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Dual-format editions include both Blu-ray and DVD versions of a film in a single package. All supplements are available across both formats.
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French director Jacques Demy didn’t just make movies—he created an entire cinematic world. Demy launched his glorious feature filmmaking career in the sixties, a decade of astonishing invention in his national cinema.
With a background in music hall and mime performance, Tati steadily built an ever-more-ambitious movie career that ultimately raised sight-gag comedy to the level of high art.
28 Oct 2014
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John Ford takes on the legend of the O.K. Corral shoot-out in this multilayered, exceptionally well-constructed western, one of the director’s very best films.
14 Oct 2014
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Criterion is proud to present these Dreyer masterpieces on DVD for the first time, with brand new digital transfers. Each is an intense exploration of the clash between individual desire and social expectations, with Dreyer’s famously perfectionist attention to detail shining throughout.
Dreyer’s The Passion of Joan of Arc, in which Renée Falconetti gives one of the greatest performances ever recorded on film, convinced the world that movies could be art.
A supreme technician and innovative stylist, Alfred Hitchcock always left his indelible stamp on his productions.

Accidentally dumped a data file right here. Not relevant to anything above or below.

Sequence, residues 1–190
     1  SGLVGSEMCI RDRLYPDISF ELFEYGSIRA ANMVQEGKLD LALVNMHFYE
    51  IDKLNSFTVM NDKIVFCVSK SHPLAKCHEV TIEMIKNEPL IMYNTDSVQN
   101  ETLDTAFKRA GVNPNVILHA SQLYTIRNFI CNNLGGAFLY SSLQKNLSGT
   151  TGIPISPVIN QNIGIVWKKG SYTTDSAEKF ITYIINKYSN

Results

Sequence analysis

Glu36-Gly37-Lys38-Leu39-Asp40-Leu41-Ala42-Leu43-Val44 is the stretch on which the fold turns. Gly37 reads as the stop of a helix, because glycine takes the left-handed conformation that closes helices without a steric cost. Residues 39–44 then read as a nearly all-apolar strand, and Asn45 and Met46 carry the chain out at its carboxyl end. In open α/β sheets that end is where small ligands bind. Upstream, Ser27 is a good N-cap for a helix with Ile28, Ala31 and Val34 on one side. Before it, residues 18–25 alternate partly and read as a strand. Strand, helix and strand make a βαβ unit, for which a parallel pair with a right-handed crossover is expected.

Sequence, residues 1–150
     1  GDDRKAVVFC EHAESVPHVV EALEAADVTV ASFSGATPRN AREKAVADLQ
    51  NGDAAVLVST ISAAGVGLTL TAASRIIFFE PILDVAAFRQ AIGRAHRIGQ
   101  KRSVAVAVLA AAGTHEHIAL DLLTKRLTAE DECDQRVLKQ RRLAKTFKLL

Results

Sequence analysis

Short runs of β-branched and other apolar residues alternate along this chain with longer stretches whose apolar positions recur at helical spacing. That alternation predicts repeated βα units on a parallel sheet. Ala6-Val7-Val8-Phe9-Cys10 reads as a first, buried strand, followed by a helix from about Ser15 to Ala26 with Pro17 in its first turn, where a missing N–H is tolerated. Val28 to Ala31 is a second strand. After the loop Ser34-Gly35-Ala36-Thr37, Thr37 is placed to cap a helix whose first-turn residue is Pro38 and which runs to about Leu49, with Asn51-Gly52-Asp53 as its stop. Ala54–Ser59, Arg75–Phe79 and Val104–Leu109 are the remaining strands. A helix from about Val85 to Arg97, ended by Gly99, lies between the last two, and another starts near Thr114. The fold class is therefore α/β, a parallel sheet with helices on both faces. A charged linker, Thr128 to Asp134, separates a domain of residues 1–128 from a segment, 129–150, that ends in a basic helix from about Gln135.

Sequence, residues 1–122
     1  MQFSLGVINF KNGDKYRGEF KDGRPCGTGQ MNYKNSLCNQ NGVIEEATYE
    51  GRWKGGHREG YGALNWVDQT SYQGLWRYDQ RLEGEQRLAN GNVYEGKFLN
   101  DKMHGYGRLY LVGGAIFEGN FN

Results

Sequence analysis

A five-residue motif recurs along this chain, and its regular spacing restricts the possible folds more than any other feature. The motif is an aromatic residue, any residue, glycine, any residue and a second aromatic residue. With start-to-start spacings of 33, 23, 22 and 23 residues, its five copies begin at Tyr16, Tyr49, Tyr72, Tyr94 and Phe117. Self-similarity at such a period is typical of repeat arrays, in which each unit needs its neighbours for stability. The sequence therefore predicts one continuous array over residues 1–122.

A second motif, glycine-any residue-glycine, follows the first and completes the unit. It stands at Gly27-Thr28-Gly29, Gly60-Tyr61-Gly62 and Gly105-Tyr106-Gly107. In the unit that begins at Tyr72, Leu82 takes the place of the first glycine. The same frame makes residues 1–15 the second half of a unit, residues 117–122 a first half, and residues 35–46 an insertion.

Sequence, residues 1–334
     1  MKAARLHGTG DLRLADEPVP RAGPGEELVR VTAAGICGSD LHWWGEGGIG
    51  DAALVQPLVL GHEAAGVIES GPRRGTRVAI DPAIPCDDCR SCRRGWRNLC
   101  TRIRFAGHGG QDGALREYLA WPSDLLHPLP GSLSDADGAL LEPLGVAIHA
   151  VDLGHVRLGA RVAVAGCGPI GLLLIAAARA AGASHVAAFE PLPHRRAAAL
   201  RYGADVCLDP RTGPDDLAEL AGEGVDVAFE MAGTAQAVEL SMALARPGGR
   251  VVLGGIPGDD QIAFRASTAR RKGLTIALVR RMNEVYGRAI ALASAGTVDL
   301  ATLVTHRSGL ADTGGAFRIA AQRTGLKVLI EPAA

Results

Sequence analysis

A buried treasure from Hollywood’s golden age, Lonesome is the creation of a little-known but audacious and one-of-a-kind filmmaker, Paul Fejos (also an explorer, anthropologist, and doctor!).
After making such American noir classics as Brute Force and The Naked City, the blacklisted director Jules Dassin went to Paris and embarked on his masterpiece: a twisting, turning tale of four ex-cons who hatch one last glorious robbery in the City of Light.
Starring Jack Lemmon and Sissy Spacek, Missing is political filmmaker extraordinaire Costa-Gavras’s compelling, controversial dramatization of the search for American filmmaker and journalist Charles Horman, who mysteriously disappeared during the 1973 coup in Chile.
Four desperate men sign on for a suicide mission to drive trucks loaded with nitroglycerin over a treacherous mountain route—a white-knuckle ride from France’s legendary master of suspense, Henri-Georges Clouzot.
Like the rest of America, Hollywood was ripe for revolution in the late sixties. Cinema attendance was down; what had once worked seemed broken. Enter Bob Rafelson, Bert Schneider, and Steve Blauner, who would form form BBS Productions, a company that was also a community.
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In Ingmar Bergman’s testament to the strength of the soul, Karin and Maria come to the aid of their dying sister, Agnes, but jealousy, manipulation, and selfishness come before empathy. Cries and Whispers is full of images of staggering beauty and unfathomable horror.